What Makes a Good Sample?


Activity #1

Identify Population Samples.

  • Move the slider to select the problem number. ​
  • Attempt the question before clicking on the check boxes to see the correct answers.

Activity #2

Calculate Measures of Central Tendency.

  • Read the questions below carefully and answer them.

A young artist sold her first two paintings for $50 and $350 out of 10 paintings sold.

(1.) Calculate the mean.

At a gallery show, she sold three paintings for $250, $400, and $1,200.

(2.) Calculate the mean and median.

Her oil paintings were sold for $410, $400, and $375.

(3.) Calculate the mean and median.

Here are the selling prices for all 10 of her paintings:

(4.) Calculate the mean and median for all of the selling prices.

Activity #3

Practice Exercise Questions.

  • Read the information below and answer the questions that follow.

The price per pound of catfish at a fish market was recorded for 100 weeks.

Here are dot plots showing the population and three different samples from that population.

(1.) What do you notice?

(2.) If the goal is to have the sample represent the population, which of the samples would work best?

(3.) Which wouldn’t work so well? Explain your reasoning.

Challenge #1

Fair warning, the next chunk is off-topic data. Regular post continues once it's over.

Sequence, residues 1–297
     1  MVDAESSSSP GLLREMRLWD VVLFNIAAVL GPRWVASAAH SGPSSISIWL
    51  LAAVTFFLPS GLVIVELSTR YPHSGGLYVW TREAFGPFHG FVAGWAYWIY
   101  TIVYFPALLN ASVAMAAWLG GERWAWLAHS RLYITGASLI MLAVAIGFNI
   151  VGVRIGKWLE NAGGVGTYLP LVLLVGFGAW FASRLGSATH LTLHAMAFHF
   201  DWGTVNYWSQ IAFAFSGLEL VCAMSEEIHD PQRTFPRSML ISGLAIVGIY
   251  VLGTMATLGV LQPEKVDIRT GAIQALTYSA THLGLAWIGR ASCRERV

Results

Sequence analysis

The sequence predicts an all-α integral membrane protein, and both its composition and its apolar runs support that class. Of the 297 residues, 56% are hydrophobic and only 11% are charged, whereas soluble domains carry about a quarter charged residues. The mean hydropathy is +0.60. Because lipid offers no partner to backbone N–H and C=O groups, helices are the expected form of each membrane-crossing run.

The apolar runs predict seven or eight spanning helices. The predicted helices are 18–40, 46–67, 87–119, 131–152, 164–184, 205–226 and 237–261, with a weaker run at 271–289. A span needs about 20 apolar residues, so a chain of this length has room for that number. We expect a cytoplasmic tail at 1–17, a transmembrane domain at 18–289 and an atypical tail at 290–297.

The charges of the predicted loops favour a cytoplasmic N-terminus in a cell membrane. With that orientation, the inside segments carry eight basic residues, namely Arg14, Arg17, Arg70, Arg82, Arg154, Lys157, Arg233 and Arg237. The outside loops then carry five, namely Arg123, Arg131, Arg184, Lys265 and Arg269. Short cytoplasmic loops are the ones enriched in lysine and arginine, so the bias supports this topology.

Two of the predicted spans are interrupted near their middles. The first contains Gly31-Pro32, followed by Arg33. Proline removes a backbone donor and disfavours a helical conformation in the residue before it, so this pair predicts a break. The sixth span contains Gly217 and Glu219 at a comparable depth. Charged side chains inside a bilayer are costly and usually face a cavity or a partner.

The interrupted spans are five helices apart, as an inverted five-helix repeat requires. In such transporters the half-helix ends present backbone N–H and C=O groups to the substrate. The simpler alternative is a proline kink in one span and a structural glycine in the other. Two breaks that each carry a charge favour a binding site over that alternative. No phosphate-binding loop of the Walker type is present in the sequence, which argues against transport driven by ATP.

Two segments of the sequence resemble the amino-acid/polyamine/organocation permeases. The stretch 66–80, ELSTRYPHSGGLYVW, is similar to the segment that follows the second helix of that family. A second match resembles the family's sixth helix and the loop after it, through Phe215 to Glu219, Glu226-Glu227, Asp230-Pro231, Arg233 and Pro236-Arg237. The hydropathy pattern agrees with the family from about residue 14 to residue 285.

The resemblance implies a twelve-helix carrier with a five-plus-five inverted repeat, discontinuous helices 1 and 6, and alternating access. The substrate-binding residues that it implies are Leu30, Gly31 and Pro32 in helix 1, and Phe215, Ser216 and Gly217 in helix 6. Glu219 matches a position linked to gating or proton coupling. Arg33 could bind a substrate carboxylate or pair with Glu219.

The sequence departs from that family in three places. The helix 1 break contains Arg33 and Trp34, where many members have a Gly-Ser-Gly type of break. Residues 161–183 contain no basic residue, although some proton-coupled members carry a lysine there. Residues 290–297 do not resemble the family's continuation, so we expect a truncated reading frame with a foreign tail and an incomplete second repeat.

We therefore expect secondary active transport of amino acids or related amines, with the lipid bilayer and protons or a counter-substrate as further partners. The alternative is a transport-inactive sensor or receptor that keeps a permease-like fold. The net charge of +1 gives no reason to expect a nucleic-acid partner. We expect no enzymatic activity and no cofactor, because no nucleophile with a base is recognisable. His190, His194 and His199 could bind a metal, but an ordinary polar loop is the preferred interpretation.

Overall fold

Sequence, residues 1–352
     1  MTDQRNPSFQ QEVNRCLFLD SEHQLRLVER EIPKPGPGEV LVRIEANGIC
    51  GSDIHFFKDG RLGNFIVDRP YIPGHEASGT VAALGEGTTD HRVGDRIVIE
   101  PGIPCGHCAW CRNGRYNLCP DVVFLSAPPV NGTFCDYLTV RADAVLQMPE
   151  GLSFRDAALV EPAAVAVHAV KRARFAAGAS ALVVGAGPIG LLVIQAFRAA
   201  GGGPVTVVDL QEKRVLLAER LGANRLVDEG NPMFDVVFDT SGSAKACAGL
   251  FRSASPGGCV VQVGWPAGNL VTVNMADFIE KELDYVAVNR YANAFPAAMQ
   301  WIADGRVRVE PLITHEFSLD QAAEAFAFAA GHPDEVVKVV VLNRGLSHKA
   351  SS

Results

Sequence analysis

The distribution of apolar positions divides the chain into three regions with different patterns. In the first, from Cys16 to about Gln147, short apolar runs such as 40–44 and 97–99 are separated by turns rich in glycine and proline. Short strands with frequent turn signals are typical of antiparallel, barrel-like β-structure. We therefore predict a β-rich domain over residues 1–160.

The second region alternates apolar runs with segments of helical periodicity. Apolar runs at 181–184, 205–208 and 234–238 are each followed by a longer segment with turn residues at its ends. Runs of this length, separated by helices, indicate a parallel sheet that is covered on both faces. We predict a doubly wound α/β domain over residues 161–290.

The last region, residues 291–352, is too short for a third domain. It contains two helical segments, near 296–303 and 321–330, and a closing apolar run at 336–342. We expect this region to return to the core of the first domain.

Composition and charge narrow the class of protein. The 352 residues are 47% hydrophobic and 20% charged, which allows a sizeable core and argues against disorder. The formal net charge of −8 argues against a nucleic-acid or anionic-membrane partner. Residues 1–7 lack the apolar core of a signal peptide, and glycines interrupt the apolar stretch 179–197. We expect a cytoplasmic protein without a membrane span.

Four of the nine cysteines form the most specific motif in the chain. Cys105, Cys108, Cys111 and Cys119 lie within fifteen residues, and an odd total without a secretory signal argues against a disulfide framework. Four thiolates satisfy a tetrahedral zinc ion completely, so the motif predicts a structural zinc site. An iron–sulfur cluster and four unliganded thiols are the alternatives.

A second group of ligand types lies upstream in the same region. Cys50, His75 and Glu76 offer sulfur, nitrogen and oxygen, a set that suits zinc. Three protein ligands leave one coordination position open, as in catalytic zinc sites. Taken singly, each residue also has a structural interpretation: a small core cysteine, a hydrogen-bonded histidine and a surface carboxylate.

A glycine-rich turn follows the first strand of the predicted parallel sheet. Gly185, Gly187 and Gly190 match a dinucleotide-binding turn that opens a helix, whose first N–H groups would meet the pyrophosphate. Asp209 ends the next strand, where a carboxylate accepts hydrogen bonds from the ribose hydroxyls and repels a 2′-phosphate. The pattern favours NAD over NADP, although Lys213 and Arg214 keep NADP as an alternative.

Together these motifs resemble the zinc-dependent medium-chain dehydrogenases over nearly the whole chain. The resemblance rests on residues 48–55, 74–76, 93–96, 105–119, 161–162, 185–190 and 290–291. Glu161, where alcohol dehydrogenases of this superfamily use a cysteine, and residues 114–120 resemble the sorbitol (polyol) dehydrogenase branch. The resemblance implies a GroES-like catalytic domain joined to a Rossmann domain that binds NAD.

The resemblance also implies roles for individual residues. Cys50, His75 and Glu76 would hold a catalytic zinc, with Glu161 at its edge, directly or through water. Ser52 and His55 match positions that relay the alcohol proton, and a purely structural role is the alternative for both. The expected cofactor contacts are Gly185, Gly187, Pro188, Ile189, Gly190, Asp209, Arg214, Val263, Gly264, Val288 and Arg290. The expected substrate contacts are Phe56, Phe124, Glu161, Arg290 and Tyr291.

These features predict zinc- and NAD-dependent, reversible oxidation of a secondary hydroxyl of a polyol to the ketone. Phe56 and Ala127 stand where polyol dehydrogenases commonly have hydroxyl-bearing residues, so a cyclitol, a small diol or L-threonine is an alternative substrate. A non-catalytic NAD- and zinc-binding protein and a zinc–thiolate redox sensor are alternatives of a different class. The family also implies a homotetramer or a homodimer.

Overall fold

How many different outcomes are in each sample space? Explain your reasoning. (You do not need to write out the actual options, just provide the number and your reasoning.)

(1.) A letter of the English alphabet is followed by a digit from 0 to 9.

(2.) A baseball team’s cap is selected from 3 different colors, 2 different clasps, and 4 different locations for the team logo. A decision is made to include or not to include reflective piping.

(3.) A locker combination like 7-23-11 uses three numbers, each from 1 to 40. Numbers can be used more than once, like 7-23-7.

Challenge #2

Here below is a dot plot of the scores on a video game for a population of 50 teenagers.

The three dot plots below are the scores of teenagers in three samples from this population.

Which of the three samples is most representative of the population? Explain how you know.

Challenge #3

When doing a statistical study, it is important to keep the goal of the study in mind. Representative samples give us the best information about the distribution of the population as a whole, but sometimes a representative sample won’t work for the goal of a study!

For example, suppose you want to study how discrimination affects people in your town. Surveying a representative sample of people in your town would give information about how the population generally feels, but might miss some smaller groups. Describe a way you might choose a sample of people to address this question.